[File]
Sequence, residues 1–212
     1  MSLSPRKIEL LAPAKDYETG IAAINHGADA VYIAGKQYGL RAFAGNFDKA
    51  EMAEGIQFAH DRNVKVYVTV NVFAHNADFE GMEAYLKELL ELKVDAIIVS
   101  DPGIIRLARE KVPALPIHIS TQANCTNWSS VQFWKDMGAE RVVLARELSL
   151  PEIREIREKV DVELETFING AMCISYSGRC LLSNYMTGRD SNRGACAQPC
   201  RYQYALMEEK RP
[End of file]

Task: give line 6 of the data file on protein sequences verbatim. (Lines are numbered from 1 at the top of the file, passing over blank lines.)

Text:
   201  RYQYALMEEK RP